Machine Problem 2

Due Feb 15, on line

Part of the homework for CS:2820, Spring 2021
by Douglas W. Jones
THE UNIVERSITY OF IOWA Department of Computer Science


Our first step in designing an epidemic model is to grapple with a way to describe the population that is faced with the epidemic. The source file holding this description will end up fairly complicated -- since we also will need to describe the disease process as well as the population, but just the population will involve something like the following:

population 100000;
place home 3.5;
place work 25;
place school 1000;
role homemaker 0.3 home;
role worker 0.35 home work;
role teacher 0.05 home school;
role student 0.3 home school;
This describes a population of 100,000 people, where the following types of places are present:
  1. homes, with an average of 3.5 people per home.
  2. workplaces, with an average of 25 people (not employees) per workplace.
  3. 15 schools, with an average of 1000 people (not students) per school.

People are divided into the following mutually excusive roles:

  1. homemakers, 3/10 of the population, spend all their time at a home.
  2. workers, 35/100 of the population, each move between a home and a workplace.
  3. teachers, 5/100 of the population, each move between a home and a school.
  4. students, 3/10 of the population, each move between a home and a school.

Later, we will expand roles by making them more complex, with scheduling rules for when a person moves from here to there. This will allow teachers to get to their schools before the students get there and to go home later, like in real life.

For now, even the above is too complicated, so we'll back off. We gave too much detail, and we made the syntax too difficult because some tokens are not separated by whitespace.


Consider this simplified file format for a start:

population 10 ;
role homemaker 0.3 ;
role worker 0.4 ;
role student 0.3 ;

Here, we are describing a model with 10 people, and we can infer, from the fact that 3 are homemakers, 4 are workers and 3 are students. This file is the test file used to generate the output described later.

The numbers with each role need not add up to 1.0; rather, if the population is p, if the sum of all the roles is s, and if the input is rolename n, then there should be p × n/s people assigned to that role.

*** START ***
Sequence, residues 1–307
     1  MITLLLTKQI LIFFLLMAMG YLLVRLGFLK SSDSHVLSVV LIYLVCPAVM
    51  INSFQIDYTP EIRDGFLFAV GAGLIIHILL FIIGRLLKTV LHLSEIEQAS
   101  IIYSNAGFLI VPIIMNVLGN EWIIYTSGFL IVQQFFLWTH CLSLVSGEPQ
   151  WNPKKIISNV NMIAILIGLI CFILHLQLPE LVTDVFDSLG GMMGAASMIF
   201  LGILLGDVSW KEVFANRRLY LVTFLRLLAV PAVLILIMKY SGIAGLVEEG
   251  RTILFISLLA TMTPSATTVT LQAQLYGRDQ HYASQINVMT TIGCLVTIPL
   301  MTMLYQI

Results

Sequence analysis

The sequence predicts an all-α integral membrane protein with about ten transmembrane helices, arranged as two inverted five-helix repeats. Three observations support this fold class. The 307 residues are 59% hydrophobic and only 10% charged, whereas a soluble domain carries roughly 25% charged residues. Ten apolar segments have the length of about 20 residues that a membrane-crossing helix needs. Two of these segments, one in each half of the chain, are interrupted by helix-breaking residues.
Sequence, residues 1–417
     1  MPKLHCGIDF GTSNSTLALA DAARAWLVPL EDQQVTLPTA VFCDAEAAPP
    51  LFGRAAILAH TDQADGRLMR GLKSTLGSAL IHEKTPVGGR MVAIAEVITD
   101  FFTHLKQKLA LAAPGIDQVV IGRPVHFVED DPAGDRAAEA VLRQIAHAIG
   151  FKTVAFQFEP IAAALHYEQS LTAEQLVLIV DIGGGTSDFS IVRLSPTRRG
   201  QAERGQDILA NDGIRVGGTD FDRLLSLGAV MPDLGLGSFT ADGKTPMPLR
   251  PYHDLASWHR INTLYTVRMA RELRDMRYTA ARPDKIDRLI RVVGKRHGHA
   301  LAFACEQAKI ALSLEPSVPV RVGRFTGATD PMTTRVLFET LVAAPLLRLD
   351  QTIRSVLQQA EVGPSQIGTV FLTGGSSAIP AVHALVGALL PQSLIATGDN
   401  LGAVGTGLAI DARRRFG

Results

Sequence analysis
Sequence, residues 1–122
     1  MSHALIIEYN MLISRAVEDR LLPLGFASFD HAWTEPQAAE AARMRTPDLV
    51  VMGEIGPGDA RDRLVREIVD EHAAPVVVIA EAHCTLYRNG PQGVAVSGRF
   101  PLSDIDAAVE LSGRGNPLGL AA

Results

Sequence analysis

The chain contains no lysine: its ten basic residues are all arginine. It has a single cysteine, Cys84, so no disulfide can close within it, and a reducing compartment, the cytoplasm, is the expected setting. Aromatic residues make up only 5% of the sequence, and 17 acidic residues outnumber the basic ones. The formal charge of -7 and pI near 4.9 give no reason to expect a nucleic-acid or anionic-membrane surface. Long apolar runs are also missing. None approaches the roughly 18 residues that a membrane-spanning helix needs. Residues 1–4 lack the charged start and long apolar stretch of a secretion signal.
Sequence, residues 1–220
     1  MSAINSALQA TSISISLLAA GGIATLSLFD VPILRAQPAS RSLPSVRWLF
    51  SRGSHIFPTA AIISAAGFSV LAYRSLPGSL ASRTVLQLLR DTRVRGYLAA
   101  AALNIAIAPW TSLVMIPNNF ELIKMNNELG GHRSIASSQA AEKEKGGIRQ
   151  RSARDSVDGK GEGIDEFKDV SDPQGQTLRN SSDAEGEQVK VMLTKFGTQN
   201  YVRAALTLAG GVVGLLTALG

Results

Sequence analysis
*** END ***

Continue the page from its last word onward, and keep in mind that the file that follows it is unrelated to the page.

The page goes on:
(The above rule means that, if the numbers do add up to 1.0, it acts as you'd expect, but it doesn't get picky if you have trouble with arithmetic. Furthermore if you simply give the actual number of homemakers, workers, etc., it will work just fine.)

The Assignment

Make a Java program that:


On or before the end of Monday, Feb. 8, you must submit your program using the following shell command on the fastx machine:

~dwjones/submit xxxx

Substitute your section number for xxxx above, but do not alter the text dwjones.

The program will confirm that you successfully submitted your solution with the message "submiter: succesfull submission of xxxx/HawkID" with xxxx replaced with your section number and HawkID replaced with your HawkID.

You may submit as many times as you want. The last successful submission is the one that will count. As such, it is a good idea to submit as soon as you have code that sort-of works, submit again when you have code that works the way you like, and perhaps submit again when you bring your code up to the highest standard of readability.


Code that executes correctly is worth half credit (2.0 out of 5 points). The remaining credit is all for readability. Expect demerits for style issues:

Student Questions

A student asked: How can I create people for each role if I need to sum the numbers for each role first?

You can't. You will need to read all the roles and sum their numbers before you go back to each role and create the people who fulfil that role. This means you will need to keep a collection of all roles so you can go back through the set of roles to create the people. Only after all the people are created should you go back through all the people and print them out.